The sample processing system can also be configured to create a MicroChamber in which any suitable process can be performed, such as chemical, biological, genomics, proteomics, histology, and/or cytology assays below, at, and/or above room temperature and humidity, thereby creating an enclosed microenvironment for sample processing.
Other features of the system enable automatically separating toxic waste from non-toxic waste; loading and unloading slides; and prioritizing slide processing.
A sample processing system can be configured to scan barcodes 106 to identify various characteristics of MicroChamber 100. In some embodiments, the barcode 106 encodes any suitable information such as reservoir volume, reservoir size, reservoir shape, reservoir depth, number of reservoirs, substrate material, substrate electrical characteristics, substrate color, presence and/or properties of components attached to the substrate, and/or sample type, among other items.
The reservoir 104 can be constructed using a barrier 108 formed on a substrate 102. The barrier 108 has a shape, size, and height selected to contain a specified area or volume. In some embodiments, the barrier 108 can be formed on a substrate or slide that holds a pre-applied sample 110, however, the barrier 108 can be formed on the substrate 102 before or after application of the sample. Any suitable material or substance can be used to form the barrier 108, such as epoxy, a wax film (e.g., Parafilm™), Teflon™, and/or oil. The barrier 108 may be applied using any suitable method, such as adhesive tape, annealing, ink (e.g., Teflon™ ink), paint, and/or deposition. In some embodiments, the barrier 108 can be constructed from a hydrophobic material or substance to contain hydrous as well as anhydrous substance(s) within the reservoir 104. In some embodiments, the barcode 106 may include information regarding the size of the barrier 108, and/or a sealing device or sealing agent that is used to create the barrier 108 around the reservoir 104.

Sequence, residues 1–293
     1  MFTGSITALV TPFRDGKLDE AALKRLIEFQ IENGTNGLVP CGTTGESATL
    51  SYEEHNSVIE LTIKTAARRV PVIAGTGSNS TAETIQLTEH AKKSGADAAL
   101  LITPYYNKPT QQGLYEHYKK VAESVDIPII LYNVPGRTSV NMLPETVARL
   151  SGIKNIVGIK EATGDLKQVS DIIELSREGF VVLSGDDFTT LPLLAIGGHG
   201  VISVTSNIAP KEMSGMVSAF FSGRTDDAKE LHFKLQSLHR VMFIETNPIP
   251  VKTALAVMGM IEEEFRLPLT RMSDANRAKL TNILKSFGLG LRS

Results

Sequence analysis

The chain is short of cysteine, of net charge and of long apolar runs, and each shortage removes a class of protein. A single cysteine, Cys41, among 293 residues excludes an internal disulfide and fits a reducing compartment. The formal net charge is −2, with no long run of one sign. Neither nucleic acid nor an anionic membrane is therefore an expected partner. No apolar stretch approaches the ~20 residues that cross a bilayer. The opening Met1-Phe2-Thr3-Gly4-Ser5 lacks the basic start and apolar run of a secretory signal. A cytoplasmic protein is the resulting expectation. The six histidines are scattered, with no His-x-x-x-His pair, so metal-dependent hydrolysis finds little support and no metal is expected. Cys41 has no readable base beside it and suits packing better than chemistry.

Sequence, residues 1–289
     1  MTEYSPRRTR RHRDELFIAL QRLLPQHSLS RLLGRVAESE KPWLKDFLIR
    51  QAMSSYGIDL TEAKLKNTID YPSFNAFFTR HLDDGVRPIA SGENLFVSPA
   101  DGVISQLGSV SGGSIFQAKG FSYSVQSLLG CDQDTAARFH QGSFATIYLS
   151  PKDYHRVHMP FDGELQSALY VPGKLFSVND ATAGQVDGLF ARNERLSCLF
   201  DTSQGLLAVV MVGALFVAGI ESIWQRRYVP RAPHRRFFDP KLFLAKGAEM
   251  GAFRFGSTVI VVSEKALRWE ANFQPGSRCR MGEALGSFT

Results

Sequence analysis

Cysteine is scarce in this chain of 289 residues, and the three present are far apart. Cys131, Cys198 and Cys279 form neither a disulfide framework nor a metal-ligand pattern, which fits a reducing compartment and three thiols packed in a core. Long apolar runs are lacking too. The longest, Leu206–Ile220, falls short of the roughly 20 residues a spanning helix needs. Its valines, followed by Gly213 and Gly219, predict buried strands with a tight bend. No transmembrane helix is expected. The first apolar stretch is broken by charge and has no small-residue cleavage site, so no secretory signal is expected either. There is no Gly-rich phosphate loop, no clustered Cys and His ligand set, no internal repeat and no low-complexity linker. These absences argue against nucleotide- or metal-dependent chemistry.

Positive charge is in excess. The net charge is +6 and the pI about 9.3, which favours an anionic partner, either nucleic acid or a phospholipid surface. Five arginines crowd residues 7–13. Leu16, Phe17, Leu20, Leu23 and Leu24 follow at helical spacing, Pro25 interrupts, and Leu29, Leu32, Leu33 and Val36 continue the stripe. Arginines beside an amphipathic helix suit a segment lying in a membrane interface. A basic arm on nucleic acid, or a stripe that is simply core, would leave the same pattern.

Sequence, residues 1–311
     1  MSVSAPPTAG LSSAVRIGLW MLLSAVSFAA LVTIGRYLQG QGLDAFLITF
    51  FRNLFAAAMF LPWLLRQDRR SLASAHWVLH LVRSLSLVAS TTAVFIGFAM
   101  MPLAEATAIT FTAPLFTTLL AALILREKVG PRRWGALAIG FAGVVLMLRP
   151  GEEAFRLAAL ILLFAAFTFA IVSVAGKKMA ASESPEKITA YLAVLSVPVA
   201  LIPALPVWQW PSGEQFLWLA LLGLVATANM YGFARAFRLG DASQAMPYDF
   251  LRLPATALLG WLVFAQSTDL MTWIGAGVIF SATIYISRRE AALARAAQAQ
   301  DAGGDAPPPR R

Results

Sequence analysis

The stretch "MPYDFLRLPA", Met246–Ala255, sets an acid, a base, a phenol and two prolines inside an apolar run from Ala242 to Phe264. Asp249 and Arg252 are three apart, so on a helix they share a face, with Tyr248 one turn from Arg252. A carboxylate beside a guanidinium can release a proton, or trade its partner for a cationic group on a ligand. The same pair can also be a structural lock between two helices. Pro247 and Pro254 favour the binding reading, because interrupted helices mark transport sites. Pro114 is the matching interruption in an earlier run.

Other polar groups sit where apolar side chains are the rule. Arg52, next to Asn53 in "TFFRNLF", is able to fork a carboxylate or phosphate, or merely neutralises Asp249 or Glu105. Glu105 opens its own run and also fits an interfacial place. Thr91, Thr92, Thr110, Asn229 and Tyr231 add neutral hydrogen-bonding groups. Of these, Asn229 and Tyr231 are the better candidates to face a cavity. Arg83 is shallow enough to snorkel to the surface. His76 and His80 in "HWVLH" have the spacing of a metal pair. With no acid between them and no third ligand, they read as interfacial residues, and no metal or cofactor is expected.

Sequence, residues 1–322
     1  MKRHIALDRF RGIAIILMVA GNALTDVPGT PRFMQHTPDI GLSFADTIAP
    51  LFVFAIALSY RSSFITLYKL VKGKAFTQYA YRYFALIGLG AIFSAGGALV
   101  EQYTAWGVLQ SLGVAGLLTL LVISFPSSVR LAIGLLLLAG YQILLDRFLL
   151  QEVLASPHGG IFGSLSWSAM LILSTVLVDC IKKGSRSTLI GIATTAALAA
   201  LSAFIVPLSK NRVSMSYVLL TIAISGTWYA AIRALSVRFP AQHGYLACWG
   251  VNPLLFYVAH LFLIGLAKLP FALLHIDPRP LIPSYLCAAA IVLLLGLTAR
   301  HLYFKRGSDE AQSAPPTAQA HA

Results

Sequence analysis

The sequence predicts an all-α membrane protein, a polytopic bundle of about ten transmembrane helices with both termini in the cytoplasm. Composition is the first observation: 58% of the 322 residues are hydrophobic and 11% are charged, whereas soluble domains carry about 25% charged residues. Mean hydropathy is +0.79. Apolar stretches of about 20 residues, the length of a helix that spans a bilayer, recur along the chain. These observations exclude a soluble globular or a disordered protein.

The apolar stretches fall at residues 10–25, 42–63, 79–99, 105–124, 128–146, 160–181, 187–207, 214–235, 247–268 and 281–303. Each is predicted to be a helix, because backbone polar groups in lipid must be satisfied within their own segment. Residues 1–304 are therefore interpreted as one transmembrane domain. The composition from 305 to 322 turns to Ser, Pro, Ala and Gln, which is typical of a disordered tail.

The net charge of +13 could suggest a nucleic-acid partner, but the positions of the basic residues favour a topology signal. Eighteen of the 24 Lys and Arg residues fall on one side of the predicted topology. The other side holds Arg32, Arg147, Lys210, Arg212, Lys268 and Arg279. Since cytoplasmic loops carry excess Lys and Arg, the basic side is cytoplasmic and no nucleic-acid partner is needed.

The reservoir 102 and barrier 108 can be configured to reduce or even eliminate air bubbles in reservoir 102 when the reservoir 102 is covered to form an enclosed microenvironment. Such a configuration can also reduce the volume of reagent used in a process or application, as well as evenly distribute substances in reservoir 102.
In various embodiments, the substrate 102, 122, 142, 162 may be formed from glass, for example a glass dish, slide, microscope slide, bowl, or the like. Other suitable substrate materials can be used, such as thermally-conductive materials, electrically conductive or non-conductive materials, piezo-electric materials, silicon materials, polymer materials, and others.
The sample processing system can be controlled to produce a single barrier 408 and single reservoir 404, or multiple barriers and corresponding multiple reservoirs having the same or different shapes and sizes. In some embodiments, double barriers 408 are used. Sealant can be placed in between the double barrier or outside or inside of the barriers. A sealing device or sealing agent can be used between the double barriers 408, and/or inside or outside of the barriers 408.
The covers 206, 226, 506 can have different shapes, sizes, color, opacity, or other specified characteristics, depending on the requirements for the sample processing system. For example, some processes may require exposing the contents of the reservoir 204, 304, 404, 504 to light having a specified wavelength. Some of the covers can be configured as a filter to allow light of the specified wavelength to reach the contents of the reservoir 204, 304, 404, 504. Further, the covers 206, 226, 506 can be changed during a process, for example, when a cover having a particular characteristic is required during a particular phase of the process but is not suitable for other phases of the process. The covers 206, 226, 506 can be any suitable material, and can further be laminated, disposable, reusable, washable, and/or dryable.
In some embodiments, sample processing system 600 includes a platform 630 and rack 642 that can be held by the platform 630 or coupled to the platform 630 and adapted to hold multiple reagent containers 644. The rack 642 can also be configured with one or more individually controllable heating elements to maintain the reagents at different selected temperatures. The sample processing system 600 can also be configured to independently maintain a plurality of MicroChambers, such as MicroChamber 200 in